South of England ranks third for new 'big four' stores

  • Published
Till inside new Tesco store in former church
Image caption,
In Bournemouth Tesco opened a new Express store in a former church

Central southern England had the third highest number of applications approved from the 'big four' supermarkets in the past two years, the BBC has found.

Councils have given 53 planning and advertising proposals from Tesco, Asda, Sainsbury's and Morrisons the go-ahead during the two years to 1 November.

Tesco had the most approved with 35, Sainsbury's had 13, Asda had three and Morrisons had two.

London had the highest number approved in the UK with 110.

The research covers the BBC South transmission area, which covers Hampshire and Isle of Wight, east Dorset, east Wiltshire, Oxfordshire, west Berkshire, west Surrey, West Sussex, Brighton and central Buckinghamshire.

The BBC asked each local authority to reveal how many planning and advertising applications from the 'big four' supermarkets were approved over the two years from November 2008 to November 2010.

In the South, two further applications have been approved by councillors where the supermarket chain involved was unknown.

And there are 25 applications still pending across the region.

Supporting retailers

Sainsbury's has 13 applications still waiting for a decision, Tesco has six, Morrisons has four and Asda two.

One of the successful applications saw Tesco open a new Express store in a former Methodist church in Bournemouth, Dorset.

It retained the stained glass windows while funds from the sale went back into the local church group.

In the region about 10% of the population work in retail, with a further 12% employed in support sectors like wholesale, transport and distribution, figures from the South East England Councils showed.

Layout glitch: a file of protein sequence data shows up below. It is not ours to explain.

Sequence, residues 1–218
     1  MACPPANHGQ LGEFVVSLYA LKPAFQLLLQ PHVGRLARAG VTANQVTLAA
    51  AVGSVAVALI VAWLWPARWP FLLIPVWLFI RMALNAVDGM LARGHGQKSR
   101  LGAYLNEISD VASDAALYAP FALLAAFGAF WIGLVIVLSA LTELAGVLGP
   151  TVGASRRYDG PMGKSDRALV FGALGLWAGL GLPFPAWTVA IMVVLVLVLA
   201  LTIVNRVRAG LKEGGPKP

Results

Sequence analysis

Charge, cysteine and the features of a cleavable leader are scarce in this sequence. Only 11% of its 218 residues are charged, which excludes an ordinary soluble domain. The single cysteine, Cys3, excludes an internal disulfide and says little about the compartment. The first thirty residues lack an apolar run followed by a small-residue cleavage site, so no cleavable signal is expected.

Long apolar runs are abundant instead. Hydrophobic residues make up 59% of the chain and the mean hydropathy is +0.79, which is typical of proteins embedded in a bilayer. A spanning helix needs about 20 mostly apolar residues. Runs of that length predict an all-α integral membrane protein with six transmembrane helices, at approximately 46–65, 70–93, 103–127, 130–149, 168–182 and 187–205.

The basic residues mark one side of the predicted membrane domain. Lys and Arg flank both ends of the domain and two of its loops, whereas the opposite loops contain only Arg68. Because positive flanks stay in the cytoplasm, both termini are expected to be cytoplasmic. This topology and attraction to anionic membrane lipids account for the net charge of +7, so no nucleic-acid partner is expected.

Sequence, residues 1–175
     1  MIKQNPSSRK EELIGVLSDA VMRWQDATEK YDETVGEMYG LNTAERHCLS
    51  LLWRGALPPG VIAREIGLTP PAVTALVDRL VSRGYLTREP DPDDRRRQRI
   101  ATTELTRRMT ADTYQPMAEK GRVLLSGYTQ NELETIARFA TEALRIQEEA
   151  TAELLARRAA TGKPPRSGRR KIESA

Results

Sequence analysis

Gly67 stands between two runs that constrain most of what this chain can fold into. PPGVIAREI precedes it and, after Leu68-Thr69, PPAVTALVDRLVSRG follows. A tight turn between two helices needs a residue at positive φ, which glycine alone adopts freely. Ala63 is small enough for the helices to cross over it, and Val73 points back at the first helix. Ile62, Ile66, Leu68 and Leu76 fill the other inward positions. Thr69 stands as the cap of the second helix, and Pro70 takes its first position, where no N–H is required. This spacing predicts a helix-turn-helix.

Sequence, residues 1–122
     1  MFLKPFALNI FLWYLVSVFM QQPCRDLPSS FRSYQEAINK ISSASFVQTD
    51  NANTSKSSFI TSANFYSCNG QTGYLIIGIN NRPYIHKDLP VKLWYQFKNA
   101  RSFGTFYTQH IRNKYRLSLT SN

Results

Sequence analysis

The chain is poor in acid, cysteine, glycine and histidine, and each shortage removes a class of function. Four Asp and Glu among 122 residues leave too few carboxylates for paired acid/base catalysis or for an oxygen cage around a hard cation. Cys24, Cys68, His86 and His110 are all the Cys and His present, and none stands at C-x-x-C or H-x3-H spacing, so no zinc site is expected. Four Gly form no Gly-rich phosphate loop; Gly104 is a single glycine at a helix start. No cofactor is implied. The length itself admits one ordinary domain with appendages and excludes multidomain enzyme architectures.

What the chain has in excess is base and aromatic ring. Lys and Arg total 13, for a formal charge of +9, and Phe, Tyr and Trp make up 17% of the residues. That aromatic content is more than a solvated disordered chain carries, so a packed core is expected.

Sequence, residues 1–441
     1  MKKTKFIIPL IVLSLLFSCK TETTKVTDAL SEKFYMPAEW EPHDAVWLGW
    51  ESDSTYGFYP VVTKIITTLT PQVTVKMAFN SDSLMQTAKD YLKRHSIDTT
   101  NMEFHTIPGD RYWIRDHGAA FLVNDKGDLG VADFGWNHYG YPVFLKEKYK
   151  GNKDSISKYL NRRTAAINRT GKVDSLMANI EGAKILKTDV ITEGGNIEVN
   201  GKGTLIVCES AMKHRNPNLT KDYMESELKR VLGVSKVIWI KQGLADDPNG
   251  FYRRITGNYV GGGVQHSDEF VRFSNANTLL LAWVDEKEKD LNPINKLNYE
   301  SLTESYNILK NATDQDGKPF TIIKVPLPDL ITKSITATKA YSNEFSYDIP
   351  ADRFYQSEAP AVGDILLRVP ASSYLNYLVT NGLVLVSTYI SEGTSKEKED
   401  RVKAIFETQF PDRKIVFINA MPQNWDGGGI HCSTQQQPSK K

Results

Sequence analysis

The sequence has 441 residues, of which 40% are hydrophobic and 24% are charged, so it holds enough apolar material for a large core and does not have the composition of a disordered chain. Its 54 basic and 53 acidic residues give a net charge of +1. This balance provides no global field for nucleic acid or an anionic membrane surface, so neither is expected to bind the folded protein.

But not everyone has welcomed the new stores.

Tony Kippenberger has been fighting plans for a new Sainsbury's in Bishop's Waltham in Hampshire.

He said: "We are a market town of 6,000 residents with 33 supermarkets within 10 miles, nine of which are Sainsbury's.

"It will kill our high street, the likes of the butcher, fishmonger and baker."

Sainsbury's said it was "committed" to supporting local retailers and is set to provide 300 jobs.

Others in the industry believe many businesses welcome the spread of the major supermarket companies.

'Increased demand'

Ginette Gower, from Thames Valley Chamber of Commerce, said: "The majority of businesses see them as a good thing bringing jobs to an area.

"There are pockets in smaller towns where shops have closed down but I think that is more of an indication of the recession rather than the supermarkets."

Image caption,
Tony Kippenberger fears supermarkets could force traders out of business

She believes the region has one of the highest amounts of approved applications due its population concentration.

"It would seem obvious where there is more people there is more demand for supermarkets, and the South East has a very high concentration of people," she added.

Jeff Bray, senior lecturer in retail management at Bournemouth University, also pointed to higher income levels in the region as a factor for attracting retailers.

"With a greater proportion of working couples in the South, demand for convenience retail formats, such as Tesco Express, is also likely to be higher," he said.

"With new stores being built year after year it would be easy to imagine that we could end up with too many food shops.

"However we have seen small independent food stores replaced with cafes and nail bars... and since the 1980s not insignificant rises in our population have contributed to increased demand for such stores."

Councillor Paul Carter, chairman of South East England Councils, believes small businesses will make a return.

"High streets have become boring. You go down one in France and see the difference, that is what we have to get back to," he said.

"But commercial rates are falling like a stone so the opportunity to rent retail property for the best rates in 20 to 25 years is going to present the chance to take on the big supermarkets."

Tesco said it always put customers first and had invested in the UK despite the recession, creating tens of thousands of jobs.

"Most of our new store applications are not for large supermarkets but for small, local convenience stores, the likes of which millions of customers have relied on to get food in the bad weather," it added.

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